Homework 4 is due 03/26 at 12:01am EDT
The written problems and the programming problems are to be done individually. All homework submissions are to be made via Courseworks. Refer to the homework policy section on the class web site for further details.
Written Assignment (40 pts)
Exercise numbers refer to the course textbook, Modern Operating Systems. Each problem is worth 5 points. Make your answers concise. You'll lose points for verbosity.
- MOS 3.4: Consder a swapping system in which memory consists of ...
- MOS 3.9: A machine has a 32-bit address space and an 8-KB page ...
- MOS 3.11: Suppose that a machine has 38-bit virtual addresses and ...
- MOS 3.15: A computer whose processes have 1024 pages in their address ...
- MOS 3.21: Suppose that the virtual page reference stream contains ...
- MOS 3.28: A computer has four page frames. The time of loading, time ...
- MOS 3.29: Consder the following two-dimensional array: ...
- MOS 3.35: A machine language instruction to load a 32-bit word into a ...
Programming Assignment: Priority Scheduling Algorithm (60 pts)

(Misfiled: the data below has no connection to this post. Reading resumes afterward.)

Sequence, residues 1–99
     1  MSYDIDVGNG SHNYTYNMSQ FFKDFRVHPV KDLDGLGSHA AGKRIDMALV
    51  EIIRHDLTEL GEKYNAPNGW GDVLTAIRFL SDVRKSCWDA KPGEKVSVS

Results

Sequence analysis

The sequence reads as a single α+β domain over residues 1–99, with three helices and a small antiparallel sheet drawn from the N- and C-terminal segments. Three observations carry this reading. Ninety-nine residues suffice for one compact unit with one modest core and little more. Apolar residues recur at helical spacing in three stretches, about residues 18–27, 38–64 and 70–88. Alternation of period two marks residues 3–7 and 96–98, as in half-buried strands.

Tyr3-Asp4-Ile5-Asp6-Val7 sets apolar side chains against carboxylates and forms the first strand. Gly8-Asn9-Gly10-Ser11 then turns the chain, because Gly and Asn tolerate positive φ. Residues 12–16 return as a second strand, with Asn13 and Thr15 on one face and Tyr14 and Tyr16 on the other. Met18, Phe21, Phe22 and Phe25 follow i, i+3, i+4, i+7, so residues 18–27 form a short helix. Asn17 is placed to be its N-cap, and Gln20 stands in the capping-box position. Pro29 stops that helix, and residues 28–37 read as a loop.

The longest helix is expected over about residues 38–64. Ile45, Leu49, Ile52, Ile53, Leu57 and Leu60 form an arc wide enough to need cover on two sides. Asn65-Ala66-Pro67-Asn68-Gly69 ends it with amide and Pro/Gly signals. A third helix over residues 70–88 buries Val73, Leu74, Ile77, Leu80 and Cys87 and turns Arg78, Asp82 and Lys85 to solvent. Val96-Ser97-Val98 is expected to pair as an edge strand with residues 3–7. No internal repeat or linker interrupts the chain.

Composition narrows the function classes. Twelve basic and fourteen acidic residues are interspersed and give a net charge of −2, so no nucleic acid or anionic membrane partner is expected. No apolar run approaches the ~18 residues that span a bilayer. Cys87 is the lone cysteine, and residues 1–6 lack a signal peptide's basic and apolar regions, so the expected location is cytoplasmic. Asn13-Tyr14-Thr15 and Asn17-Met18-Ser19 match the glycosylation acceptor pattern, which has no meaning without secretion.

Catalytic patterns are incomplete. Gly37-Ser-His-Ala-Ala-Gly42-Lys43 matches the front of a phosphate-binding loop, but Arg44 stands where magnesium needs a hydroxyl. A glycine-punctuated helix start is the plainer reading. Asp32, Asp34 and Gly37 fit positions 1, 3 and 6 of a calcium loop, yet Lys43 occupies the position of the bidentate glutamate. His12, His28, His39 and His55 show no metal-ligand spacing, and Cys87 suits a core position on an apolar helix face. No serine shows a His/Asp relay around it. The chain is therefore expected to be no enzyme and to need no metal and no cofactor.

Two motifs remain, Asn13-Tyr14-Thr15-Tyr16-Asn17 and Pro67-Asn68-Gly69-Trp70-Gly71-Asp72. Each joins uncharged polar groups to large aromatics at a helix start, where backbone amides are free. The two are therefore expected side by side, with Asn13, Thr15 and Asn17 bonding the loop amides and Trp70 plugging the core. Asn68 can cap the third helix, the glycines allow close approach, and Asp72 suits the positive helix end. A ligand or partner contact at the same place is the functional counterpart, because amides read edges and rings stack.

For the programming problems, you are required to write README documenting your files and codes. In this programming assignment, you'll implement priority scheduling algorithm in xv6.
The files needed for this assignment are distributed using the Git distributed version control software. To learn about Git, take a look at the Git user's manual, or, if you are already familiar with other version control systems, you may find this Git overview useful.
To get started, run the following commands
$ git clone http://debug.cs.columbia.edu/xv6.git xv6 $ cd xv6 $ git checkout -b hw4 origin/hw4
When you are ready to hand in your solution, put your UNI in conf.mk, commit all your changes, and run make handin in the xv6 directory. This will generate hw4-programming-<your uni>.tar.gz for you, which you can then upload via courseworks. This tar ball includes a snapshot of all xv6 source code and a patch generated using git diff origin/hw4 hw4. Thus, be sure you commit all your changes (including the new files you add) before running make handin.